I also bought an airport so we could start running a wireless network in the house and both be online at the same time. I spent many hours on Saturday running around trying to find some place that carried the right screwdriver so I could open the bottom of the Ti-book to put the airport card in--this included Westwind which was closed, and University Bookstore, which recommended trying Radio Shack, which recommended trying the Computer Store, which recommended trying Fred Meyer, which recommended trying True Value hardware, which recommended trying Stone Way Hardware, which finally had it. In between those trips I also went to the library, checked our post office box, and picked up two pieces of cake for Jim's birthday celebration. We eventually after many tries (human error, mostly, though for some reason the airport base station didn't want to be programmed from my computer) got the network live. Quite nice!

Got wonderful food from the Bengal Tiger for dinner (mango lamb, heaven for me, but saag aloo for Jim) and ate the delightful cake (from Simply Desserts in Fremont) and then collapsed.

Today (Sunday) it's pouring rain (so we don't have to water). Soon I need to leave to see Pat Cadigan, who was one of my instructors at Clarion West way back in 1996. Sometime I really do need to post my journal/notes about my class [I finally did: they're right here]. Anyway, I'm really looking forward to seeing her again .

last week's thinking and doing § next week's thinking and doing


I know I keep talking about this, but Robin Holcomb's The Big Time, just keeps getting richer and richer the more we listen to it.

last week's listening § next week's listening


Kathleen Ann Goonan's Light Music is the fourth in her series about the post-nanotechnological world after waves of radio- and power-disrupting waves has hit the earth (see my December 17, 2000 and January 21, 2001 entries for comments about two of the other novels in the series). This is a complex story woven of threads from various complicated people. I enjoyed this, but somehow feel I would have liked it better and understood it more had she focused the story a little more on fewer characters. There seemed to be a lot of journeys to follow and not all of them seemed to have an understandable point. Still, they all felt interesting--just that I feel I missed a lot. Maybe this is an artifact of reading it in such a scattered way in a busy week. It's such a cool story, with so many fascinating ideas about the nature of being human, the nature of the universe and music and light.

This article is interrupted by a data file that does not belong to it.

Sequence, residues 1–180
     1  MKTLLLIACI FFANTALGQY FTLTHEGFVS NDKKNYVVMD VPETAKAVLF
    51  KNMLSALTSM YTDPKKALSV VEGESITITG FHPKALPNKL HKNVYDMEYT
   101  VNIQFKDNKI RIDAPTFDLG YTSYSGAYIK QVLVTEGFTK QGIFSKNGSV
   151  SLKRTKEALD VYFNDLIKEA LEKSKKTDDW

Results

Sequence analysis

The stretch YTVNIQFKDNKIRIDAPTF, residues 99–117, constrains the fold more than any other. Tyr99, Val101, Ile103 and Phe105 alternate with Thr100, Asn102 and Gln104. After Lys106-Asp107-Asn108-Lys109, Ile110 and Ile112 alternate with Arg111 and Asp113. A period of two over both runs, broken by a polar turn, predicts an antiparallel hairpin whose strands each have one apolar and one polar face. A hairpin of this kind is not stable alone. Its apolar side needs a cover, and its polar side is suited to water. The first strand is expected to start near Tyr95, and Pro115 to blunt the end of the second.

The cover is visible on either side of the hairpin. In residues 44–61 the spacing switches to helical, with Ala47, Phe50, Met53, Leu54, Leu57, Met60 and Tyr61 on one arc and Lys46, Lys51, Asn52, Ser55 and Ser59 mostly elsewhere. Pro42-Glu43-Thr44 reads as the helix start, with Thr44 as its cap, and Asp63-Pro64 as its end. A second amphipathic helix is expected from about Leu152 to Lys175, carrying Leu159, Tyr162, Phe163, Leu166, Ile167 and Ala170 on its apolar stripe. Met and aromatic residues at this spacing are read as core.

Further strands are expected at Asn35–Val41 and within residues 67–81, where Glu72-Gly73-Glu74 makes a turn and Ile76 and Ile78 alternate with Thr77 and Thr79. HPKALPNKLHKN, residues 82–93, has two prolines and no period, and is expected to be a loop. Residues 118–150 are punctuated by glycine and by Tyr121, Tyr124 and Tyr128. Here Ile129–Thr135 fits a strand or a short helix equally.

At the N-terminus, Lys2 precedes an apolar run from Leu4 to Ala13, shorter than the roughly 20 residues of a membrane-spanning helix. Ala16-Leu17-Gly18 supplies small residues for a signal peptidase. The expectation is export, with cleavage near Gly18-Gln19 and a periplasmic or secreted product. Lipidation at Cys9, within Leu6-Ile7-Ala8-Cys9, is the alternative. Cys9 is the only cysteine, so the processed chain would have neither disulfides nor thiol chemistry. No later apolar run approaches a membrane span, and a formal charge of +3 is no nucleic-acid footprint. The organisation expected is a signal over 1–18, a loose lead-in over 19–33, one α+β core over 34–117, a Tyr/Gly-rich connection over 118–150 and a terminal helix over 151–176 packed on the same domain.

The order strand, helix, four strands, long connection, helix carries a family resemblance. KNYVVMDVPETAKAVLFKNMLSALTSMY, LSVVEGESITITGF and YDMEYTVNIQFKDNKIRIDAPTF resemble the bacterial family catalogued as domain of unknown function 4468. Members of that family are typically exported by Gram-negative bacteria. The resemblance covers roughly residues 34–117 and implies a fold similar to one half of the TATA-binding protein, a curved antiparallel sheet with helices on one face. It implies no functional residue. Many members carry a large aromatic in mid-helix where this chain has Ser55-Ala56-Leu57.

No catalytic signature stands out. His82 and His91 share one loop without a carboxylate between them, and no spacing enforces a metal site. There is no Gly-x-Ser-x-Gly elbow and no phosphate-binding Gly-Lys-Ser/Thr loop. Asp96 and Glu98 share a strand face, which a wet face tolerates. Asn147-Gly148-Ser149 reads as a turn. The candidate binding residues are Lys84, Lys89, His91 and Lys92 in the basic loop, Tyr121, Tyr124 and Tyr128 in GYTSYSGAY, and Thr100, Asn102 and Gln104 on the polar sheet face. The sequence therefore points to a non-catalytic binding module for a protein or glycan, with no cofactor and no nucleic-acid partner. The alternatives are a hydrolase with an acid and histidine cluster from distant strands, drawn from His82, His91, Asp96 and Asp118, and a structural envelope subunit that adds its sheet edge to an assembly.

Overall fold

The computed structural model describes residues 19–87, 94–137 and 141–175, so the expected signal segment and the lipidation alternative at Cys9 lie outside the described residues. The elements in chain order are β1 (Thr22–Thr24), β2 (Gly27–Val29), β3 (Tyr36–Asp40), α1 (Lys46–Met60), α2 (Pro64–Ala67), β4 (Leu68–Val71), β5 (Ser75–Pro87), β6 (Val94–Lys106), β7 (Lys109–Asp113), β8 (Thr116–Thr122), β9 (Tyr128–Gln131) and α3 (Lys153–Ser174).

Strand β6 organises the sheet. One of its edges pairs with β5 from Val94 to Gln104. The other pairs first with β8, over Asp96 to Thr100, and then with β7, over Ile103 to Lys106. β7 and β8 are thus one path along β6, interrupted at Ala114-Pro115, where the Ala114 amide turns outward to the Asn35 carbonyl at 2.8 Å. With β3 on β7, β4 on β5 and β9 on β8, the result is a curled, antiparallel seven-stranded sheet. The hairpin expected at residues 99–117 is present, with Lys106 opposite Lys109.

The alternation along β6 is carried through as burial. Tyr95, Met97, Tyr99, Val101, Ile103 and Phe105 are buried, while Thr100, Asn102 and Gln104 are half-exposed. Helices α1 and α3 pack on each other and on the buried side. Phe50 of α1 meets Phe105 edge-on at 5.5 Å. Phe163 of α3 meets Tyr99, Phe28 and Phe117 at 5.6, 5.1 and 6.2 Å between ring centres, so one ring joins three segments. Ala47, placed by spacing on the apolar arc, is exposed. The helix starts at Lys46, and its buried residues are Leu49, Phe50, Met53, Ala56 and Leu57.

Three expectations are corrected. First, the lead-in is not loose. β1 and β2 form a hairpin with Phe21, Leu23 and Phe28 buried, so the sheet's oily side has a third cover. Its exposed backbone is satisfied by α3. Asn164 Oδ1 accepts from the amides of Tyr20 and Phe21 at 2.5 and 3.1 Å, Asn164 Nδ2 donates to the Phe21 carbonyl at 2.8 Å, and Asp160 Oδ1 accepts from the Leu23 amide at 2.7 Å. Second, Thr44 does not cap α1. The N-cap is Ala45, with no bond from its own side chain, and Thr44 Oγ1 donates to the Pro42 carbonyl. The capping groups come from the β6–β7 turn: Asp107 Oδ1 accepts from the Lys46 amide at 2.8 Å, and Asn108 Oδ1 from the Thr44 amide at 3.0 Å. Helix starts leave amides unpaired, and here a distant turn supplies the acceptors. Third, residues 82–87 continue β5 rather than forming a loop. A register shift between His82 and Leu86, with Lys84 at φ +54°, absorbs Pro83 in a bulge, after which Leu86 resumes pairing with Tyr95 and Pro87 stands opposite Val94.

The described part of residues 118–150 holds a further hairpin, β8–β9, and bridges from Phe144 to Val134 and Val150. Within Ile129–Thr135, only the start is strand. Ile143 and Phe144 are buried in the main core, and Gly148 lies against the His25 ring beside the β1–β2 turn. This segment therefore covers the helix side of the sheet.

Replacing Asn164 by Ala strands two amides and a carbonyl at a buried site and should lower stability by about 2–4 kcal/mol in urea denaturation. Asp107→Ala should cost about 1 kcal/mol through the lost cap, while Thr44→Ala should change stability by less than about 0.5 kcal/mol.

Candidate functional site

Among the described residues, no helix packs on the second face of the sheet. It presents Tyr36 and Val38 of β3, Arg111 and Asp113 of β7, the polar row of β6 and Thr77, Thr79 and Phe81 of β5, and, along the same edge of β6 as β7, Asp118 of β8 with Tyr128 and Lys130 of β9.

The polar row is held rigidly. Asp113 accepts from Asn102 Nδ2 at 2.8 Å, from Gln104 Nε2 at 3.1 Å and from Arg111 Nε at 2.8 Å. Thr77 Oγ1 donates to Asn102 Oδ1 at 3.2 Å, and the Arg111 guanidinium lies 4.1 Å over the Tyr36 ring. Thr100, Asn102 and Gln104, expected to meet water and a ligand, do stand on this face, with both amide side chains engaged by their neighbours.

last week's reading § next week's reading


I finished revising the first two chapters of Gypsy Davey and gave them to Karen. It feels really good to have them off my hands. Now I'm working on chapter 3, which is a little more problematic, and am fighting urges to go revise a short story or start working on something--anything--else.

last week's writing § next week's writing

Retrospective: The Phonosnout

About the Phonosnout

December 1983 - 1984

1359. Strange, snowy night
December 13, 1983